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Botanica Marina

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Volume 55, Issue 5 (Oct 2012)

Issues

The invasive seaweed Sargassum filicinum (Fucales, Phaeophyceae) is on the move along the Mexican Pacific coastline

Rafael Riosmena-Rodríguez
  • Corresponding author
  • Programa de Investigación en Botánica Marina, Departamento de Biología Marina, Universidad Autónoma de Baja California Sur, Carretera al sur km 5.5, 23080 La Paz, BCS, México
  • Email:
/ Ga Hun Boo
  • Department of Biology, Chungnam National University, Daejeon 305-764, South Korea
/ Juan Manuel López-Vivas
  • Programa de Investigación en Botánica Marina, Departamento de Biología Marina, Universidad Autónoma de Baja California Sur, Carretera al sur km 5.5, 23080 La Paz, BCS, México
/ Arturo Hernández-Velasco
  • Comunidad y Biodiversidad A.C. Francisco I. Madero # 2054 Local C, entre Rosales y Allende, Colonia Centro, 23000 La Paz, BCS, México
/ Andrea Sáenz-Arroyo
  • Comunidad y Biodiversidad A.C. Francisco I. Madero # 2054 Local C, entre Rosales y Allende, Colonia Centro, 23000 La Paz, BCS, México
/ Sung Ming Boo
  • Department of Biology, Chungnam National University, Daejeon 305-764, South Korea
Published Online: 2012-08-28 | DOI: https://doi.org/10.1515/bot-2012-0120

Abstract

Sargassum filicinum Harvey is an important ecological engineer in the subtidal regions of northeastern Asian waters, as it forms marine forests that provide shelter for invertebrates and fishes. First discovered in Long Beach Harbor, CA, USA, in 2003, S. filicinum was thought to occur mainly in the California Channel Islands and near Ensenada, Mexico. However, during a survey from 2007 to 2009, we found S. filicinum off Isla Natividad, which is an extension of its range 550 km south of its last recorded location in the Mexican Pacific. Morphological and molecular data support the identification of the species. Considering its faster spread from Ensenada to Isla Natividad (4 years) than Sargassum muticum (14 years), S. filicinum may follow the path of S. muticum and arrive at the subtropical-tropical Pacific coast of Mexico. Although S. muticum has become well established within the local seaweed flora, S. filicinum may replace native Sargassum species and change the composition of local marine floras.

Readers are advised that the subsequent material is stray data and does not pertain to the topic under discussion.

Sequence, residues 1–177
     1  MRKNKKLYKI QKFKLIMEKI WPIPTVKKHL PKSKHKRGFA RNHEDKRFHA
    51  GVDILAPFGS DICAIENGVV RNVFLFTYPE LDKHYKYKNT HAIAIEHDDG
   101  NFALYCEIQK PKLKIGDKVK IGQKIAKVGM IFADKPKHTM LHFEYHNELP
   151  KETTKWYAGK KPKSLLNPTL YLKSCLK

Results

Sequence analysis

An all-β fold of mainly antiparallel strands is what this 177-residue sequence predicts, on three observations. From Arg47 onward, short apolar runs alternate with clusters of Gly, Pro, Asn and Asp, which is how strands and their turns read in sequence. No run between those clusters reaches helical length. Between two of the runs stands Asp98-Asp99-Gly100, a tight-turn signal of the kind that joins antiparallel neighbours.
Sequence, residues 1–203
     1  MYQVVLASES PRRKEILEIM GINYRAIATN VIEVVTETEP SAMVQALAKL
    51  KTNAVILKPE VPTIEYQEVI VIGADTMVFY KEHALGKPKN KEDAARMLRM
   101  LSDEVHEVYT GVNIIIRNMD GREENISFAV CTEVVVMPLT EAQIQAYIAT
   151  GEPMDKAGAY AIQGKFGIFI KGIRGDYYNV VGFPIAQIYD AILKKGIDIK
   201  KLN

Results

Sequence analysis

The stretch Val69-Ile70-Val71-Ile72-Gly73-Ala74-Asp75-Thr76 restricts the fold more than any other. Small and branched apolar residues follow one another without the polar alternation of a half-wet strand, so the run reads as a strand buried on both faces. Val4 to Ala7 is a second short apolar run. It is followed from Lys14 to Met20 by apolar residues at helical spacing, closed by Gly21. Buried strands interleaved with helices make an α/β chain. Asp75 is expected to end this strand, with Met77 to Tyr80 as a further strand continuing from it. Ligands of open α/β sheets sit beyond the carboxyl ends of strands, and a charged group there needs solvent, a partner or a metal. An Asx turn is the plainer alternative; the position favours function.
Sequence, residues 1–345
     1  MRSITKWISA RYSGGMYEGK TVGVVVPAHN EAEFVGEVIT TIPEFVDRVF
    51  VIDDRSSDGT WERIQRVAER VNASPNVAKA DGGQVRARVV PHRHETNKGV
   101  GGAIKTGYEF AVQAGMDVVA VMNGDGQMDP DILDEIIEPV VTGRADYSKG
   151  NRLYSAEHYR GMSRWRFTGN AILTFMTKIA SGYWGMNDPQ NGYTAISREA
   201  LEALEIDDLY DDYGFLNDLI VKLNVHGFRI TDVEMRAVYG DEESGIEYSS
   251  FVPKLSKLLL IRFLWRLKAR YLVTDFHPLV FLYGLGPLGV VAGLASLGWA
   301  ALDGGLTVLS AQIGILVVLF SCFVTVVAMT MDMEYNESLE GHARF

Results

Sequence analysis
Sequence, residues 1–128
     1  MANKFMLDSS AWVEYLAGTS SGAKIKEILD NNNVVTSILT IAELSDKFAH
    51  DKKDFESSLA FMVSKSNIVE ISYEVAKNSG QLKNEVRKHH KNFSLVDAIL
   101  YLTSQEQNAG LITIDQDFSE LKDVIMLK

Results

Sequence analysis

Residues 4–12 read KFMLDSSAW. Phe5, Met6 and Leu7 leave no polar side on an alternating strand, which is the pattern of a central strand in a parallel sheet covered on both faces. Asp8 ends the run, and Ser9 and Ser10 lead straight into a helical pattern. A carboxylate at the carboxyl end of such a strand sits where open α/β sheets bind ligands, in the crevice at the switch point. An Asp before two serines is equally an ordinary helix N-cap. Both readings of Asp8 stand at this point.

Keywords: Baja California peninsula; invasive macroalgae; Sargassum filicinum; Sargassum muticum

About the article

Corresponding author: Rafael Riosmena-Rodríguez, Programa de Investigación en Botánica Marina, Departamento de Biología Marina, Universidad Autónoma de Baja California Sur, Carretera al sur km 5.5, 23080 La Paz, BCS, México


Received: 2012-02-27

Accepted: 2012-07-06

Published Online: 2012-08-28

Published in Print: 2012-10-01



Citation Information: Botanica Marina, ISSN (Online) 1437-4323, ISSN (Print) 0006-8055, DOI: https://doi.org/10.1515/bot-2012-0120. Export Citation

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